Here come the Millennials.
After home ownership rates across the U.S. dropped to 62.9 percent in 2016 — down from a high of 69.2 percent in 2004 — we’ve seen a slow, steady comeback in ownership over the past three years. As of the start of this year, the U.S. Census Bureau estimates that 65.1 percent of American households are now owner-occupied.
We should note that Colorado’s home ownership rates are mimicking the national trend. Ownership hit a high of 71.3 percent in 2003 before dropping to 62.4 percent in 2016 and returning to 64.4 percent in 2018. It rose to 65.1 percent last year.
Much of the credit goes to the Millennial generation — those of us born between 1981 and 1996 — which is increasingly staking its claim to the American dream.
Realtor.com recently pointed out that Millennials represented 48 percent of home purchase mortgages in the fourth quarter of 2019. It’s no coincidence that the largest cohort of the Millennial generation is turning 30 this year — prime home-buying age for many Americans, history shows.
But there’s a deeper story to tell.
Since the U.S. economy started emerging from the Great Recession in 2009-2010, Millennials, and to a lesser extent Generation X (those born between 1965 and 1980), have been stymied on the path to home ownership. Compared to predecessor generations, Millennials have faced greater challenges in getting traction in their careers, which has delayed family formation and their ability to buy a home.
As more Millennials conquer their economic obstacles, along with the boost provided by continuing low interest rates, the impact is now coming to bear on housing demand.
In a recent assessment of market conditions, Freddie Mac said, “The combination of very low mortgage rates, a strong economy and more positive financial market sentiment all point to home purchase demand continuing to rise over the next few months.”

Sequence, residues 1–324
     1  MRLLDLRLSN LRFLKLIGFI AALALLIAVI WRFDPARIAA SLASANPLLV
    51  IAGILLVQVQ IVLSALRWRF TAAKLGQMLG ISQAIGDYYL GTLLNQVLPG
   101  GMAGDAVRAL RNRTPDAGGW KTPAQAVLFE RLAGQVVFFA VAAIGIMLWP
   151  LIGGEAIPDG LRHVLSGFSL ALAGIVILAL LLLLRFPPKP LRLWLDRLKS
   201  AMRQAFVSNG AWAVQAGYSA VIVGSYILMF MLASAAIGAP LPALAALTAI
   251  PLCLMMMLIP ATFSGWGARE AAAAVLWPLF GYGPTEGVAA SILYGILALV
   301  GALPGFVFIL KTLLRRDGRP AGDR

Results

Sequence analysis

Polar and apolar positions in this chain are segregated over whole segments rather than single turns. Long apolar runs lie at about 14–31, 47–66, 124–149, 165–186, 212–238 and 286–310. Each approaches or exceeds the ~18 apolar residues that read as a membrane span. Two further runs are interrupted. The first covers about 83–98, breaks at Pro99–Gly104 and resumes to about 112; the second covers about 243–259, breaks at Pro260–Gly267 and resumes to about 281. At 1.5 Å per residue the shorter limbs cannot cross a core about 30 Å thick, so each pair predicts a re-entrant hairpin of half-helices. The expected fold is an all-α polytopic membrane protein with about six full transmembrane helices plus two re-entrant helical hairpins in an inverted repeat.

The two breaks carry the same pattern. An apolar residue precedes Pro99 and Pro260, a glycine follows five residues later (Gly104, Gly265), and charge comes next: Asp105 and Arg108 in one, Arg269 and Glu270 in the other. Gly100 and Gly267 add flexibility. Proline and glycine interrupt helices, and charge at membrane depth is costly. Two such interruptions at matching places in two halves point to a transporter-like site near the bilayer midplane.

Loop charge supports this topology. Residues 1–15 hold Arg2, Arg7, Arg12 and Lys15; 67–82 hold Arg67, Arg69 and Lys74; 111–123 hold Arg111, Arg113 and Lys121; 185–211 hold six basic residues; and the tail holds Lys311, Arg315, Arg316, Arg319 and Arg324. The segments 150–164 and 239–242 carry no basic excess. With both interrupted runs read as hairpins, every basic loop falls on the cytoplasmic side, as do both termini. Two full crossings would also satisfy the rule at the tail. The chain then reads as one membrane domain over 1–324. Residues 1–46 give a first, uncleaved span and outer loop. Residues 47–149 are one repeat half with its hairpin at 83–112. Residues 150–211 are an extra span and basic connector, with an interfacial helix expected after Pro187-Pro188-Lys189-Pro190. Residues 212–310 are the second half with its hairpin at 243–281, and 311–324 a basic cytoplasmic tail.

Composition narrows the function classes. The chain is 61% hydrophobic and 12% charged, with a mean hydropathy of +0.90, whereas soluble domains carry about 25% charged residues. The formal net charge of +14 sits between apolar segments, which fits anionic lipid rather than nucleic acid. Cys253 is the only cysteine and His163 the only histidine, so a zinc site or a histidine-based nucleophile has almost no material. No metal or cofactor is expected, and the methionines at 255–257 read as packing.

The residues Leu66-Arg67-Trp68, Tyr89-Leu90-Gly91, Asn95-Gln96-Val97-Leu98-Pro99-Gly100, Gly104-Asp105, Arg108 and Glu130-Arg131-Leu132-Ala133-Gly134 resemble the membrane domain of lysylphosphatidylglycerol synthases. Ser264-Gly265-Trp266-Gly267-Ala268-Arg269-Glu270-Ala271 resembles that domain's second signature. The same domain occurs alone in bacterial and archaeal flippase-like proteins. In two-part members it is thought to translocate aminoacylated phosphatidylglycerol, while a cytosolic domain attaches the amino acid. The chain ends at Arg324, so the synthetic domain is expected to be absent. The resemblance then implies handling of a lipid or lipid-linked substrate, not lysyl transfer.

This trend might also be putting to rest the popular notion that Millennials are generations of renters. In fact, the recent “Millennial Report” published by Bank of America reports that “Of those with savings, 41 percent of Gen Z (born between 1997 and 2014) and 40 percent of younger Millennials are saving to buy a home.”
It’s apparent that Millennials, and the generation coming up behind them, haven’t lost sight of the value of home ownership — perhaps paying heed to the Federal Reserve’s recent report that median net worth for homeowners is 44.5 times that of renters ($231,400 vs. $5,200).
What’s it all likely to mean for Northern Colorado’s housing market? Potentially plenty.
Demographic data shows that Millennials have been a major factor in local population growth in recent years, particularly in Weld County. Between 2010 and 2020, the number of Millennials in Weld County increased by roughly 25,000. And Generation Z residents have expanded by nearly 70,000 in Weld and Larimer counties combined over that time. Taken together, these are two indicators of heavy housing demand still to come.
Brandon Wells is president of The Group Inc. Real Estate, founded in Fort Collins in 1976 with six locations in Northern Colorado